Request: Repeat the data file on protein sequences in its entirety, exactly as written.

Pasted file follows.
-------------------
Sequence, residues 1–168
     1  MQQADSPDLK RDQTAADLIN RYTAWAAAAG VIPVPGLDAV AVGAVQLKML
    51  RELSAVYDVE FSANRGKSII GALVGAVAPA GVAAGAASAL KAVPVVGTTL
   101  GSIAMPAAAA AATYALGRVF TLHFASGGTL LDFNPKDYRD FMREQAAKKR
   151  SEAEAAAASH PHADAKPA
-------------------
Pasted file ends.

Sequence, residues 1–168
     1  MQQADSPDLK RDQTAADLIN RYTAWAAAAG VIPVPGLDAV AVGAVQLKML
    51  RELSAVYDVE FSANRGKSII GALVGAVAPA GVAAGAASAL KAVPVVGTTL
   101  GSIAMPAAAA AATYALGRVF TLHFASGGTL LDFNPKDYRD FMREQAAKKR
   151  SEAEAAAASH PHADAKPA